Years ago I wrote a blog about how women have expense around that stuff — I don’t want to be completely stereotypical, but I think women do a much better job of understanding the dynamics in a room. They sense things quicker, or at least quicker than me. That’s a skill that I’ve had to build up over time. It doesn’t happen naturally with me. If I’m in a casual conversation at a party or something, it’s not natural for me to be worrying about everybody at the party unless I’m hosting, but when I’m in a BA situation, I have to make sure to remind myself “look at everybody in this conversation and make sure everybody is feeling good about it.” That’s important.
Jacqueline: Exactly. Excellent point. Like you said, we can keep volleying back and forth, but I’m going to go ahead and open up the mic. Your mic is open, are you there?
Tasha: Yes. Can you hear me?
Jacqueline: Yes, I can. We can hear you loud and clear. I don’t know if you’re going under your pseudonym or your real name.
Tasha: Oh, yes. I’m not going to use my stage name. I’m just going to be Tasha today. Hey Kupe! How are you?
Kupe: Hey Tasha! I heard you were calling in. I was excited.
Tasha: Yeah. I just wanted to say that you made a wonderful comment right in time for valentine’s day about women having that intrinsic characteristic of reading a room. That was very timely. That was perfect. There’s so much to talk about. I want to go back to a conversation and come back up to where we are. You were talking earlier about the collaboration and the communication piece.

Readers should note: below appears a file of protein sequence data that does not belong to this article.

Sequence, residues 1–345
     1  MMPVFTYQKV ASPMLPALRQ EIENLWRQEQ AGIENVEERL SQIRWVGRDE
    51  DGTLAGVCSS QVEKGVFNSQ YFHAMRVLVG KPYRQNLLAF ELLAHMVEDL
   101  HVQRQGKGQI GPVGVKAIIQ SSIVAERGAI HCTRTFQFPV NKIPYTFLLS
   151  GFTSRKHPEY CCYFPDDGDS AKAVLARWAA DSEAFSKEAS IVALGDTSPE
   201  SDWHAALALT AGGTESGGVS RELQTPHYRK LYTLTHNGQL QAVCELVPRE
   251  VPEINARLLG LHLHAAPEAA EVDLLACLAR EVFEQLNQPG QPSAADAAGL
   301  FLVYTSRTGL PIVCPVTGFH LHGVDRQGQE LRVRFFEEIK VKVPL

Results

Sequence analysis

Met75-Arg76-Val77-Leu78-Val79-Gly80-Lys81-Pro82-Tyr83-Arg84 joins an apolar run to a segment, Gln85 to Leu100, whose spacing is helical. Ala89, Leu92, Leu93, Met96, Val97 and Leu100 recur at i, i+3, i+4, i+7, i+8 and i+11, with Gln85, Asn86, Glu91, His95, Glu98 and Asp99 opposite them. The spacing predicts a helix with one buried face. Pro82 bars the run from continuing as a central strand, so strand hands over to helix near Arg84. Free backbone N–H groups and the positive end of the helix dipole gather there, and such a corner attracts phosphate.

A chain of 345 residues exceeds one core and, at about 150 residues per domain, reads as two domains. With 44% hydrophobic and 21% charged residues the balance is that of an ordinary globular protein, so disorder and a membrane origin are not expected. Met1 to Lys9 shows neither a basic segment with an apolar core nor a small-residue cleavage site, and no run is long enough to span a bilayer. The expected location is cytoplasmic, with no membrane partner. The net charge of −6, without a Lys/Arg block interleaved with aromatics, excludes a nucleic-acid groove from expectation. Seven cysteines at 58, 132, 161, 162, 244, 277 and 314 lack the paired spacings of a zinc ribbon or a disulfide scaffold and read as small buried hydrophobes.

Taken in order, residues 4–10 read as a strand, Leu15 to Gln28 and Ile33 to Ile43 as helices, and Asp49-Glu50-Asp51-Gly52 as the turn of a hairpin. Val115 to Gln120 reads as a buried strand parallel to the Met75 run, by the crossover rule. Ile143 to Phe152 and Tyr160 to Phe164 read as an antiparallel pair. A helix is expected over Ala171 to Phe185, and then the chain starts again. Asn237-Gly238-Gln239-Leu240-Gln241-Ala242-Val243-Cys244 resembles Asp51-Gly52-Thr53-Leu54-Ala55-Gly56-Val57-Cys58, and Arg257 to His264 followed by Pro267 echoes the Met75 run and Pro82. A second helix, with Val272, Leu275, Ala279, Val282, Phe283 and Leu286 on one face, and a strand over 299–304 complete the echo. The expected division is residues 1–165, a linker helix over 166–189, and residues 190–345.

For those on the phone, my name is Tasha Hurley, and I’ve worked extensively with Mrs. Sanders-Blackman and with Kupe by default through many conferences and things that we’ve done through work. I’ve been in the industry for over 22-24 years. I have my CBAP, so I take the business analyst role quite seriously.
When it comes down to collaboration and communication, that’s something near and dear to my heart because I’ve worked on small projects, but I’ve also worked on many death marches. It has almost become the reason people call me. It’s kind of like a blessing and a curse at the same time, and I think that comes down to knowing about timing. You mentioned about being a little bit of a psychoanalyst and being able to read people: body language, conversation. It’s somewhat of improv, and Kupe, you gave a workshop on that (improv and timing) at a conference in Vegas a couple of years ago.
That comes with maturity: being able to pick up on certain things, pick up on language, knowing when to interject, when to hold back, when to get a piece of information and know that it’s coming on the agenda, when to schedule workshops, when to feed into that when the right audience is there. One thing that I’ve seen on a lot of projects, including one near to me right now — I’m starting to get on bigger work streams and bigger project initiatives with a bunch of subprojects underneath them, and if those roles are not clear, not just stakeholder roles, but that communication plan between different work streams, you end up with too many chiefs in the kitchen, and you end up with leads that are stumbling on each other and being surprised when another lead comes into a working session when they’ve already initiated work on something else.
We’re going to see more of a problem or more of a challenge in that area with more distributed teams, because we’re taking advantage of our technology to work on projects across the miles. I really think that we have to spend a lot more time up front putting those communication plans in place so that it’s clear who’s owning what all the way throughout any role from strategic to executing test plans. As analysts, we are change agents, and we are communication agents. Sometimes we have to help drive that, making sure who knows what and who’s doing what. I don’t know if that’s something you all are seeing as well or what your opinions are on that. Do you agree with that, or do you see it as being something else?